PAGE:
How is Constipation Diagnosed?


Your primary care doctor will examine your medical and family history, then perform a physical exam to diagnose constipation.

Depending on the conspitation symptoms, your doctor may first try a treatment to improve the symptoms before ordering tests.

  • Medical history. Your doctor may ask you about any recent weight loss or gain or past digestive tract surgery. Your doctor may also question you about your family medical history, such as whether you have any other family members with a history of constipation problems. They will also ask about your symptoms, medications, and lifestyle.
  • Physical exam. A healthcare professional may check your abdomen for swelling, tenderness, pain, masses, or lumps during a physical exam. They may also perform a rectal exam.
  • Lab tests, including blood, stool, and urine tests.
  • Endoscopy is used to look for signs of problems in the lower digestive tract. A biopsy may be performed during these tests to look for signs of cancer. Endoscopies for constipation include colonoscopy or flexible sigmoidoscopy.
  • Colorectal transit studies. Doctors use bowel function tests called colorectal transit studies to see how stool moves through the patient’s digestive tract. One type is radiopaque markers, or an X-ray test that tracks radioactive markers while they pass through the digestive system. Another is scintigraphy, which allows the doctor to track food as it passes through the intestines.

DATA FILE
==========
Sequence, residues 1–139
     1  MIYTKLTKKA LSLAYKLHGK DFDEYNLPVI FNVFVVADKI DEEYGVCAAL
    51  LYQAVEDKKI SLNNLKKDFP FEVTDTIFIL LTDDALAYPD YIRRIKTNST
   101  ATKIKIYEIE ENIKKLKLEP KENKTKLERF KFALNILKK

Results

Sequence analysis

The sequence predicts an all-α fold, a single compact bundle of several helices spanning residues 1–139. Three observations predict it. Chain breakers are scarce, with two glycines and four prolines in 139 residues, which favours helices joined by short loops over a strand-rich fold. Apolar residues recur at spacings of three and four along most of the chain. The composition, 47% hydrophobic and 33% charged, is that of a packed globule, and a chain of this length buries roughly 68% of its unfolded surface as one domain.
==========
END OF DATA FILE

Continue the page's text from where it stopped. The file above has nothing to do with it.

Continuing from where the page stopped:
• Other bowel function tests may be used to look for signs of certain diseases that may be causing constipation. These include defecography, an X-ray test of the rectum; anorectal manometry, a test to check the rectum and anal sphincters; and balloon expulsion test, a test to see if the patient has problems pushing out stool.
  • Imaging tests are used to look for other problems that may be causing constipation. Imaging tests may include lower gastrointestinal series, MRIs, or CT scans.

How can a primary care doctor help?

A primary care doctor can help resolve symptoms through treatment for constipation and suggest ways to avoid it in the future. If further care is needed, your primary care doctor may refer you to a specialist.

How is Constipation Treated?


Some people can solve constipation by making lifestyle changes and using over-the-counter medications. If constipation symptoms do not improve by self-care, your doctor may prescribe medication or suggest biofeedback training or surgery for constipation treatment.

Lifestyle changes

A healthy lifestyle is based on:

  • A healthy diet that includes foods rich in fiber, such as fruits and vegetables, whole grain bread and cereals, and beans
  • Staying hydrated by drinking plenty of water
  • Being physically active and exercising regularly
  • Keeping a regular schedule that allows time for bowel movements

Over-the-counter medication

Laxatives are substances that loosen stools, increase bowel movements, and treat and prevent constipation. The following laxatives are available over-the-counter as constipation treatments:

  • Fiber supplements add volume to stools, making them softer and easier to pass
  • Osmotic laxatives help stool move through the colon by removing fluid from the intestine, which helps stimulate bowel movements.